BENSALEM >> The African American Museum of Bucks County (AAMBC) is showcasing their mobile exhibit, "Building on The Dream: From Africa to Bucks County," at the Bucks County Visitor Center located at 3207 Street Road, Bensalem 19020.

The exhibit pays tribute to the lives, culture, accomplishments and contributions of African Americans in Bucks County, from their origins in Africa through the 21st century. The exhibit features a timeline of events in African American history in Pennsylvania, including a memorial list of African Americans who were registered as slaves in Bucks County in the 18th and 19th century, the history of the Underground Railroad in Bucks County, and the role of Bucks County AME churches in helping African Americans transition from slavery to freedom. The exhibit will run until through April 5.

During the exhibit the museum will present a Speaker Series and feature a gallery of paintings that spotlight both historical and cultural achievements from a diverse group of artists, educators and historians.

Thomas McKinney, internationally acclaimed portrait painter and watercolorist, is displaying some of his acclaimed works in the Visitor Center theater. Mr. McKinney’s paintings were inspired by what he loves most in life. His portrait subjects range from jazz greats such as Miles Davis, Dizzy Gillespie and John Coltrane, to gentle and endearing images of elderly people from his neighborhood. His paintings will be available for sale at the end of the exhibit.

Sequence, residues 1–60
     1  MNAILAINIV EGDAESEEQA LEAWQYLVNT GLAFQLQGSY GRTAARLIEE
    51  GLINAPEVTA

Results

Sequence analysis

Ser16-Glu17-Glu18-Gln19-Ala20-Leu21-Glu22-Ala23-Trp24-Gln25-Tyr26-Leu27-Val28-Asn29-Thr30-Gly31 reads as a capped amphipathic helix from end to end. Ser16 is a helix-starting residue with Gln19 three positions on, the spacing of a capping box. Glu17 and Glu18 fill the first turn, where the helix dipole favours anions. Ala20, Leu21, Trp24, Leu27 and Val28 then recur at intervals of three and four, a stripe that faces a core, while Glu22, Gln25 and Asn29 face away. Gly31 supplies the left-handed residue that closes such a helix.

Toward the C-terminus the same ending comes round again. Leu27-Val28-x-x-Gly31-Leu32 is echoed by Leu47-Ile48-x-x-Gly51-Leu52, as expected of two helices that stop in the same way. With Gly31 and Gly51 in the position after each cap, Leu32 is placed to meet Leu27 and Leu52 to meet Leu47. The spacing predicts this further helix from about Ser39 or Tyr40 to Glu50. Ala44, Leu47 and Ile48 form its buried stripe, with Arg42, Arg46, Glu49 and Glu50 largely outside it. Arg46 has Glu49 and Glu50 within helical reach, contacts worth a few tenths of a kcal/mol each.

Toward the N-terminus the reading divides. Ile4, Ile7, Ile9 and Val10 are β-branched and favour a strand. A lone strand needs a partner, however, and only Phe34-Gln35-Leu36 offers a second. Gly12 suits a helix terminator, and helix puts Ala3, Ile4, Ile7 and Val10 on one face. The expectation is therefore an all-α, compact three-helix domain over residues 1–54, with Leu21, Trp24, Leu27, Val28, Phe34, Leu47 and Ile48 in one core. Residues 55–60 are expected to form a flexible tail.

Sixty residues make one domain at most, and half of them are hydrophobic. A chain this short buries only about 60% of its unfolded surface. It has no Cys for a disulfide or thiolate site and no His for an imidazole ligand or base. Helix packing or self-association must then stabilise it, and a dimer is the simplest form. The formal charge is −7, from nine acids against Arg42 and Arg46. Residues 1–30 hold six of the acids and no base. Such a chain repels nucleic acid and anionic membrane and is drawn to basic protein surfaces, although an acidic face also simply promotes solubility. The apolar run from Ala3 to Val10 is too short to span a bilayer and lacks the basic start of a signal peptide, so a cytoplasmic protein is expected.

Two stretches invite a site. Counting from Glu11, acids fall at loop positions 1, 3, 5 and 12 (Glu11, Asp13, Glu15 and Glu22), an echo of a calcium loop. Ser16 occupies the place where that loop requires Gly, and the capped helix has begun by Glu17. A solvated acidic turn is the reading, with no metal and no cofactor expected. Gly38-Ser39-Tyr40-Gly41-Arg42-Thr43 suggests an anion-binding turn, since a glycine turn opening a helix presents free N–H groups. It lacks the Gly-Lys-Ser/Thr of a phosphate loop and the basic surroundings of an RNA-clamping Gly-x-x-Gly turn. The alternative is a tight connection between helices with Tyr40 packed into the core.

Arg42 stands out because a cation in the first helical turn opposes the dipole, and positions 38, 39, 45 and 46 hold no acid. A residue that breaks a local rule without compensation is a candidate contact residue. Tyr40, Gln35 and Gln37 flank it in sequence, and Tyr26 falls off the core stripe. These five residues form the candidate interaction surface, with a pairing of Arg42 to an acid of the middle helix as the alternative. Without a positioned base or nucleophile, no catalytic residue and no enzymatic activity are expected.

The Speaker Series will feature two historians, Dr. Helen Heinz of Lower Makefield and the Honorable Travis Francis who will speak on different aspects of the roles African Americans played in the Civil War era, courtesy of On Demand Programs and Events.

On March 15 from 2 to 4:30 p.m., Dr. Heinz presents "Untold Stories of African American Civil War Soldiers buried at Slate Hill Cemetery in Yardley.

Dr. Heinz is an adjunct professor at Temple University and Chair of the Lower Makefield Historical Commission, mother of 10 and grandmother of 20. She will share fascinating information she discovered while researching the lives of 6 young men buried at an historic burial site in Yardley.

Dr. Heinz and the Lower Makefield Historical Commission have been working with local officials to honor these brave men with new grave markers in a re-dedication ceremony planned for this Spring.

On April 5  from 2 to 4:30 p.m., the Hon. Travis Francis presents "Contributions of African Americans from Bucks County during the Civil War Era." 

Francis, the first African American judge appointed in Middlesex County, N.J., is an avid historian of the Civil War. He will speak on the valuable role and enormous sacrifices of African Americans during this crucial conflict. Judge Francis has served as an adjunct professor at the Rutgers School of law, and presented at prestigious institutions such as the Woodrow Wilson School at Princeton University.

Tickets to a single event are $20 per person and can be purchased on the AAMBC website: infoaambc.org.

The program is made possible by the generous contribution of Comcast and Visit Bucks County Pennsylvania.

The African American Museum of Bucks County, (AAMBC), founded in 2014, honors the legacy of the African American experience, inspiring pride in heritage, educating the public about the diverse journey of African Americans, and sharing stories that depict our shared ancestry, thus enriching the lives of Bucks County families. Its mission is to educate and honor the legacy of the African American experience from African roots to the present day. For more information on the museum and its programs visit: infoaambc.org.

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